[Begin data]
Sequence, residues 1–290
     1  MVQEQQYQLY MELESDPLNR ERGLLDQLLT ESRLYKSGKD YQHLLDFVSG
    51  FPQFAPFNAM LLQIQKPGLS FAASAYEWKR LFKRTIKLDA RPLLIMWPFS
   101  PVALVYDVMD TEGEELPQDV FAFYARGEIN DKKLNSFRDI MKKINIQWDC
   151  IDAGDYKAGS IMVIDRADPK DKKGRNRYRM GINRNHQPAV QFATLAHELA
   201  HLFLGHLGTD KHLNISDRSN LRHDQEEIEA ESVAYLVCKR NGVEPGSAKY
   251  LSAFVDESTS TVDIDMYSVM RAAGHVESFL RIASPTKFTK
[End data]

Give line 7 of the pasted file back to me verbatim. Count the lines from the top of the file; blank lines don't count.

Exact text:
   251  LSAFVDESTS TVDIDMYSVM RAAGHVESFL RIASPTKFTK